I read Pattern Recognition, which is loosely connected to Spook Country, last year, and got to the end thoroughly confused about whether it was meant to be SF or not. Partly this is because yo, it’s William Gibson, Master of Cyberpunk; surely it must be SF?? This is the sort of confusion I also have reading Karen Joy Fowler’s work, sometimes, and I have no doubt that both authors play on that tendency, in those who come with expectations anyway. But back to this novel – I did not have quite the same confusion here. Partly this is undoubtedly precisely because I was confused by Pattern Recognition, and have thought through things like “the SF vibe” etc enough to not expect overtly SF elements. But I think it’s also because there is actually less of said vibe here. Which is not to say that this isn’t an excellent story, of course.
Gibson takes several different narrative threads, all quite disparate, and weaves them together quite delightfully. A few times it was obvious where threads would tangle – which isn’t a problem, just an observation – and a few times they crossed in totally unexpected ways. The threads involve Tito, a young Cuban man involved in some shady deals; a man named Brown, who may or may not be government, whose point of view we never actually get (for which I am thankful) but whose movements are recorded for us by someone he has basically kidnapped; and Hollis Henry, who used to be a rock singer and is now trying to make it as a journalist. These three are really different and have necessarily different ways of viewing the world, and their interactions within it. The contrasting pictures of what is going on are nicely done – when you get into the groove of who is who, I don’t think you could mistake Hollis’ chapters for anyone else’s, nor the others’.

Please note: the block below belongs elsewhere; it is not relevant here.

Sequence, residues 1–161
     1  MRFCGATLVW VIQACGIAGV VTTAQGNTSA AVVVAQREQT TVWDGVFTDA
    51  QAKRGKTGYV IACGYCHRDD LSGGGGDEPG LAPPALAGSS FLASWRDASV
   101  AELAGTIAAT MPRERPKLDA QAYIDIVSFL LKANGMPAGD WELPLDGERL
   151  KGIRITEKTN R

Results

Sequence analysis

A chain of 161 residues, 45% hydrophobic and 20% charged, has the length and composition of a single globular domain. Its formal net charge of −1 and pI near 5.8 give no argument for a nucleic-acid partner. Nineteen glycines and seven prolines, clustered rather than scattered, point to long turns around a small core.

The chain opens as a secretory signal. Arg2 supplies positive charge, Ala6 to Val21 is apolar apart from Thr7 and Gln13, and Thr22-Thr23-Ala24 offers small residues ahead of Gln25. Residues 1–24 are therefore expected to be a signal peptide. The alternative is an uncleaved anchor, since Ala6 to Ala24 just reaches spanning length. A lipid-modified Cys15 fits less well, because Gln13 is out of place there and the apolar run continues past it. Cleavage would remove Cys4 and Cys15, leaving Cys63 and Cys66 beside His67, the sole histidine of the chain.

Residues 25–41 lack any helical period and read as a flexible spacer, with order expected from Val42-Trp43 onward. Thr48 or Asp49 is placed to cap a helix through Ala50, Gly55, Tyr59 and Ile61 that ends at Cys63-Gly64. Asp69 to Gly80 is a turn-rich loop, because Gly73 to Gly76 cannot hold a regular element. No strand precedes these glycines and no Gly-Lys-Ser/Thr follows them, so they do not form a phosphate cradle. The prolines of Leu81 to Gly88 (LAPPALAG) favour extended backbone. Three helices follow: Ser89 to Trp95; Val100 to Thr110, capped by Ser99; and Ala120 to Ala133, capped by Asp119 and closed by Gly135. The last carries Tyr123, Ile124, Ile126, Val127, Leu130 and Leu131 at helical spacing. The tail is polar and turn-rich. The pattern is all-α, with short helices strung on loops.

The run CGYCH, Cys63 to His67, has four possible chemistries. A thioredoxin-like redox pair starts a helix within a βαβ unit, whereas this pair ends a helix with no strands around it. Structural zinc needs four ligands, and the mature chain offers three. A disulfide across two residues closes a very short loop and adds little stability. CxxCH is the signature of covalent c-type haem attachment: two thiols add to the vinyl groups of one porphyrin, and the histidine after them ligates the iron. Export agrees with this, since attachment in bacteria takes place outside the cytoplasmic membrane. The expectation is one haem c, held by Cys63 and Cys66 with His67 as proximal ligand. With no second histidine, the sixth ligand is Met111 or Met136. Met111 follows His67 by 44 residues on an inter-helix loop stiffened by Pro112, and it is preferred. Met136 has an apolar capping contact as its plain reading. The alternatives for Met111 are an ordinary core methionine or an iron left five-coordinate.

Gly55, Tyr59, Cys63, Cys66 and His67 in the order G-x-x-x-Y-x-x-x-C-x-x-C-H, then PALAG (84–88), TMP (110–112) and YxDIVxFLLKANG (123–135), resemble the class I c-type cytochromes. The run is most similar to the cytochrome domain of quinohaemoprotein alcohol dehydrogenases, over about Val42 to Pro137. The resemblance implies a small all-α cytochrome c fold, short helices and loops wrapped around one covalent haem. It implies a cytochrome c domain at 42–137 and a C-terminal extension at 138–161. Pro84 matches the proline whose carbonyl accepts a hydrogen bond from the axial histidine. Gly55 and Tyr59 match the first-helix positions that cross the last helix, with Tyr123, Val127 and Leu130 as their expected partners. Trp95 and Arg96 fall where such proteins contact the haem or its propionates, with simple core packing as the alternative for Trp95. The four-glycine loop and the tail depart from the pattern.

One of the interesting stylistic points here, I think, is that Gibson uses quite short chapters. I don’t have a problem with long chapters, but short chapters have a definite impact on the rhythm of a story, especially when a new chapter heralds a new point of view, as it does here. It definitely contributes to the sense of action and pace, which I enjoyed. Conversely, something which slows the pace a little but by no means detracts from the story is Gibson’s attention to detail. He describes some rooms intimately, and goes out of his way to name brands and describe clothing and buildings. I find this a really fascinating tendency, because it could potentially date the book very quickly. For now, though, it basically works.